Test The Battery Pack On A Scooter That Runs
Visit our Battery Pack Load Testing Guide.
Test The Battery Pack On A Scooter That Does Not Run
(Tool Needed: Battery Load Tester) If the scooter is not running, a load test can be performed on its batteries by removing the battery pack from the scooter and taking the individual batteries out. The individual batteries can then be tested with a automotive battery load tester. Most entry level automotive battery load testers place a 100 Amp load on the battery which is too high so an adjustable carbon pile battery load tester is required and should be adjusted to place a 30 Amp load on the batteries.
Test The Voltage Of The Battery Pack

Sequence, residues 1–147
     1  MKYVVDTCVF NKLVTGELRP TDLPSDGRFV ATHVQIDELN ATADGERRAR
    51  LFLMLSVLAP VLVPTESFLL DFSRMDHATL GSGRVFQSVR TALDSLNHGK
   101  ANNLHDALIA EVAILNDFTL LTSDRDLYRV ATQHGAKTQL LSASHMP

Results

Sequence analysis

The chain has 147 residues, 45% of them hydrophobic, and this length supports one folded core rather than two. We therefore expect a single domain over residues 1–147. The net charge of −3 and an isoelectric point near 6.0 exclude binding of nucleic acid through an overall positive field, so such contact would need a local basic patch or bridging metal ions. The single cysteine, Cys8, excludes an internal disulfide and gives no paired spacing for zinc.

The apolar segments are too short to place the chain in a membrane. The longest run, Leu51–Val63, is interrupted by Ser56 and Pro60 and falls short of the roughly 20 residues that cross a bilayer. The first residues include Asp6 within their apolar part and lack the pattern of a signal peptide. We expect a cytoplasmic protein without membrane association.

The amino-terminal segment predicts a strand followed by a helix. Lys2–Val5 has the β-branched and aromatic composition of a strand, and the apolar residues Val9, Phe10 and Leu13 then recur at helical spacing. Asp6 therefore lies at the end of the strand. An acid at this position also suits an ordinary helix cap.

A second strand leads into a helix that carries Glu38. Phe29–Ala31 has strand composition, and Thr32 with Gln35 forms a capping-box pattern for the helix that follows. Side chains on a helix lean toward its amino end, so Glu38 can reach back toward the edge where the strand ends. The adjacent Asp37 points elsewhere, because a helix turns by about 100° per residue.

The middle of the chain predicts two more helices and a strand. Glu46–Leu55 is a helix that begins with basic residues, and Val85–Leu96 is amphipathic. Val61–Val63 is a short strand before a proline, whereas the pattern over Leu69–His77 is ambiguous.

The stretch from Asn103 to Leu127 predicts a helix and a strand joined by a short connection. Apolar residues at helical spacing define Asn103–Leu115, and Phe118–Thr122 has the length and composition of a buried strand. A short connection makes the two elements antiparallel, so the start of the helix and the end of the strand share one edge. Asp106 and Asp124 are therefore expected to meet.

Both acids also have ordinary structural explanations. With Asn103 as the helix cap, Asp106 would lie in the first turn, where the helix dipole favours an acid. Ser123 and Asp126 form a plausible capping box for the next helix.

(Tool Needed: Multimeter) The battery or battery pack Voltage can be tested to determine its state of charge. Once the Voltage has been read our Battery State of Charge Chart Page can be used to determine what percent the state of charge is. A good battery or battery pack's Voltage will be at a 100% state of charge level after it has been discharged and allows to sit a few minutes, or if it has been in storage. If a battery pack Voltage does not bounce back to a 100% state of charge level within a few minutes after being discharged that points toward a faulty or worn-out battery or battery pack. When a battery pack has been charged to a 100% state of charge and its Voltage drops below a 100% state of charge level after sitting for a while that points toward a faulty or worn-out battery pack. Good batteries and battery packs will bounce back to a 100% state of charge within a few minutes after the vehicle has been driven.